The book of Revelation is perhaps the most difficult book in the Bible to understand, and for good reason, I think: it’s apocalyptic literature! This type of literature commonly uses symbolism, imagery, and metaphors to convey absolute truths, making it difficult to understand sometimes. This has led to much confusion, resulting in many different interpretations. I think this has deterred a lot of people from reading Revelation or even taking it seriously, but it’s important to remember the opening words of the book itself, “Blessed is the one who reads aloud the words of this prophecy, and blessed are those who hear it and take to heart what is written in it, because the time is near” (Revelation 1:3). So, I think it is important to read it and take it seriously, even if it seems like a difficult task.
Before I share with you the interpretation I find interesting, I would also like to mention something else. Disagreements about the book of Revelation are not something Christians need to divide over; these are at best non-essential issues. The timing of the Rapture, the Tribulation, the dating of Revelation are not essential to Christianity. We should be able to share our thoughts in love and give grace to those who disagree with us.
The interpretation I find interesting is that of Hank Hanegraaff, and it is that particular interpretation that I want to share with you here.
Before I do, let me reiterate that these are not my thoughts. It is only my intent to share with you this particular interpretation, although I do find it interesting. The ideas presented here are detailed in Hank’s book, The Apocalypse Code. I would definitely recommend that book to anyone wanting to find complete explanations of these ideas. There are some very interesting ideas throughout the book, and I think it does lay out a pretty compelling case. However, the only idea I intend to cover here is who the beast is, so let’s find out!
As with anything, context is key. It has been said that text without context is pretext, and I agree! So, let’s first address the context of Revelation.
The book of Revelation is written to seven churches during the epicenter of a Caesar cult. The seven churches are named, and these were real churches in Asia Minor, or modern-day Turkey. Although the book is still relevant to Christians today, it’s important to understand that the book was primarily written to seven churches during its time. Also, it’s interesting to note that most things would happen “soon,” as the book seems to indicate.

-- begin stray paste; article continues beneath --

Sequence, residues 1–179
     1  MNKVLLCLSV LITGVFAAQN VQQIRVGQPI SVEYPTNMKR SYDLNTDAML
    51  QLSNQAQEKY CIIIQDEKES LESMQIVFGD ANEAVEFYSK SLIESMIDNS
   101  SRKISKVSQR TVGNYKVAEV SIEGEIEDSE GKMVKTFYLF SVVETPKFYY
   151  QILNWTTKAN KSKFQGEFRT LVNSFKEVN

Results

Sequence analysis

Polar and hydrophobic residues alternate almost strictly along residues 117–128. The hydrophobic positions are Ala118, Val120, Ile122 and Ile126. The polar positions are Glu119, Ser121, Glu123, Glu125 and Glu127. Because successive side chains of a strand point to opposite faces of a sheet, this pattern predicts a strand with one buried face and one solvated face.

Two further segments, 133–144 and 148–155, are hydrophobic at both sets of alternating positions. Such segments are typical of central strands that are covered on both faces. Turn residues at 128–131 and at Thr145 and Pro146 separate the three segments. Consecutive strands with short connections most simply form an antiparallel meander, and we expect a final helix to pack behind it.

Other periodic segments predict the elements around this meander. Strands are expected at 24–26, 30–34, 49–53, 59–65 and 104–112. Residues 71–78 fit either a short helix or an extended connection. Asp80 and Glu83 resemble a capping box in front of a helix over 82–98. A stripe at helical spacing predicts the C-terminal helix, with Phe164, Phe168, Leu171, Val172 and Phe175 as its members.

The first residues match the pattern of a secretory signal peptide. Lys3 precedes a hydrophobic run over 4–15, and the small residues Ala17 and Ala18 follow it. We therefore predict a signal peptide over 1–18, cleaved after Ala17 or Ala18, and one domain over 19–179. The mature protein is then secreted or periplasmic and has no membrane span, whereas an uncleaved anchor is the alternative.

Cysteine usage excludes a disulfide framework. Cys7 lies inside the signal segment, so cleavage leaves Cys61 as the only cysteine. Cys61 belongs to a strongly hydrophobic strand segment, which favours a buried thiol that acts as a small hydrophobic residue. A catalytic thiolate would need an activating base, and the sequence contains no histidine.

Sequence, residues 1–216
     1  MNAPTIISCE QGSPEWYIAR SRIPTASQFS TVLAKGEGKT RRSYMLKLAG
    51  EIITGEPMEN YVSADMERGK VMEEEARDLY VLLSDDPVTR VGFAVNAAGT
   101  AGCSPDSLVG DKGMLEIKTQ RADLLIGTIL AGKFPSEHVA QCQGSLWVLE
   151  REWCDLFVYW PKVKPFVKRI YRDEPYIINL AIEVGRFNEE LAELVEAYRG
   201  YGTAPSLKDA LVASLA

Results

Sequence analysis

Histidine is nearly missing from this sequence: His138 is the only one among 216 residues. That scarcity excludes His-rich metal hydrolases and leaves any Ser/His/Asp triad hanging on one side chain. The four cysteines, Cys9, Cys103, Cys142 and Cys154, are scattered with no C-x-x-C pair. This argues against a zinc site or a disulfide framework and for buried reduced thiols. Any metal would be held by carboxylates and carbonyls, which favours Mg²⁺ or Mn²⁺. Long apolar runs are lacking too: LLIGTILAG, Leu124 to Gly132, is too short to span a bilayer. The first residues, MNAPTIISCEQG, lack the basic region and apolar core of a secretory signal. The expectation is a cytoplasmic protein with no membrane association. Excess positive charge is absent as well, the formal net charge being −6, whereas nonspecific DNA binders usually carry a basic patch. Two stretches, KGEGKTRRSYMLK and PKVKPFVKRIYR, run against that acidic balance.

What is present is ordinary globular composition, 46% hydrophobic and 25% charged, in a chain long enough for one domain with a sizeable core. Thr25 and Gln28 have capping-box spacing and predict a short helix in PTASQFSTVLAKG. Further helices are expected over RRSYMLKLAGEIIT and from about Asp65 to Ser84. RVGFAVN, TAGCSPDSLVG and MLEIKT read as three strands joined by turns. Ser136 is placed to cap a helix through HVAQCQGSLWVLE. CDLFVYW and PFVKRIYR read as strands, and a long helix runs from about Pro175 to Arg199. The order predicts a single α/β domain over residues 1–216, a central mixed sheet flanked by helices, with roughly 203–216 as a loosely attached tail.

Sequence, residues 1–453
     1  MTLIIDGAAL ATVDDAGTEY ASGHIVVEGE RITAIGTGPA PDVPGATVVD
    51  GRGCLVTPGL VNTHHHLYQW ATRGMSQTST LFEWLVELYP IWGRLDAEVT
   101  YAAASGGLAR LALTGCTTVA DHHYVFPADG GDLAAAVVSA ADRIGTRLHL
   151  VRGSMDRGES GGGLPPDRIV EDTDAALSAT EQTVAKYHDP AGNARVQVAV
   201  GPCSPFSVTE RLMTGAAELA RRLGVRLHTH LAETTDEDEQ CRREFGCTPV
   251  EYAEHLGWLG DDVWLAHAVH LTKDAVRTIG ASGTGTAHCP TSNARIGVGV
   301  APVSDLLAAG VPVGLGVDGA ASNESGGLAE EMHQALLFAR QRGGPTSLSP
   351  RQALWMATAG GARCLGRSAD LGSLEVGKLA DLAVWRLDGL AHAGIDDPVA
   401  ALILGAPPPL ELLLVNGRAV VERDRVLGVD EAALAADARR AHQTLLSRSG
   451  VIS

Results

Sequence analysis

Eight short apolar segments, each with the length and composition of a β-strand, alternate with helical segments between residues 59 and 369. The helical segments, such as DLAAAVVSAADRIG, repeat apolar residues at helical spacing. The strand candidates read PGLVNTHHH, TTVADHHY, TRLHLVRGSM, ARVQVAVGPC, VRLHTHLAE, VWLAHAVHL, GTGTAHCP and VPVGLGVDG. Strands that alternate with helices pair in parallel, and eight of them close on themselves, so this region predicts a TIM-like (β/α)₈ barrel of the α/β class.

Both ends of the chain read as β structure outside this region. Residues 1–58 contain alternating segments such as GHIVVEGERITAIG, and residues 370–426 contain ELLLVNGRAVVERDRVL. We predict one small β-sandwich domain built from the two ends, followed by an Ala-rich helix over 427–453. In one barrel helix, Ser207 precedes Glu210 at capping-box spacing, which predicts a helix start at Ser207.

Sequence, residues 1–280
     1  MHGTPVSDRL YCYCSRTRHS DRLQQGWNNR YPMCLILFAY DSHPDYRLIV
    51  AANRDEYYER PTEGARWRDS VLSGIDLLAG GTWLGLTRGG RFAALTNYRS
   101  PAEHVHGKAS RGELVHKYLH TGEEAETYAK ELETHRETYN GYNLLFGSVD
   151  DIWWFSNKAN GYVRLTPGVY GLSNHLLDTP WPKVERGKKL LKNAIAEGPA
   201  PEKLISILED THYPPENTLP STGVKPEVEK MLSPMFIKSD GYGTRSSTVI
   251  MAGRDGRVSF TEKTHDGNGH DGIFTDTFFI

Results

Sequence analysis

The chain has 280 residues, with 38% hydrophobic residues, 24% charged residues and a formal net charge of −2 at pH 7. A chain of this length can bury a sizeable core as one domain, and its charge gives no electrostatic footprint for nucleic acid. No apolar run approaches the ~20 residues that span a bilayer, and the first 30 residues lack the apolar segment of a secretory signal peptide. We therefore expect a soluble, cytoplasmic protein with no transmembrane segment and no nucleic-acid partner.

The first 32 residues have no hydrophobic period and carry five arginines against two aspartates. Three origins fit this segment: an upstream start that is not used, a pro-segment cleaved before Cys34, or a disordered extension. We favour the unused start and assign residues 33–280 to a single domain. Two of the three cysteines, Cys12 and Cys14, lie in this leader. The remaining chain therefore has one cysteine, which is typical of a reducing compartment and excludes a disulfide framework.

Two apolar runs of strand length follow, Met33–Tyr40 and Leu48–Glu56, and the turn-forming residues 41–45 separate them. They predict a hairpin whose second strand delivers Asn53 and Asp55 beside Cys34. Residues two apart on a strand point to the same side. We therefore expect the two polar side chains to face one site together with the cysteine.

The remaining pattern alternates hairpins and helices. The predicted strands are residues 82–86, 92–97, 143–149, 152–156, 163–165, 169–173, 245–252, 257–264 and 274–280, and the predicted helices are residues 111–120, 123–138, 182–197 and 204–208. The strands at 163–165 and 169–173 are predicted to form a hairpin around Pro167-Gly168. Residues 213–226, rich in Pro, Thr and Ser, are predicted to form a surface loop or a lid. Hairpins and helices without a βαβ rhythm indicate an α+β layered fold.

The context of Revelation, according to Hank, is during the reign of the sixth Roman Emperor, Nero Claudius Caesar Augustus Germanicus (that is if you take the date of Revelation to be written prior to AD 70, as Hank certainly does). There are several reasons for that, and they can be found in his book, but let’s fast forward to Revelation 13 to meet the beast.
John identifies the beast as number six of seven kings and identifies the number of his name as 666. He makes it clear that with “wisdom” and “insight,” his first-century readers can “calculate the number of the beast, for it’s a man’s number.”
Gematria, the practice of transforming names into numbers, was common in antiquity. The first ten letters of the alphabet corresponded to the numbers 1 through 10; the eleventh letter represented 20, the twelfth letter 30, and so on until 100. The twentieth letter was 200, and each new letter represented an additional hundred. This is where “wisdom” and “insight” can be used to “calculate the number” of the beast.
The number of Nero’s name in the Greek translation of “Nero Caesar” is 1005. However, transliterated from the Greek into Hebrew, the sum total of “Nero Caesar” equals exactly 666 . . . so Nero was the beast in Revelation.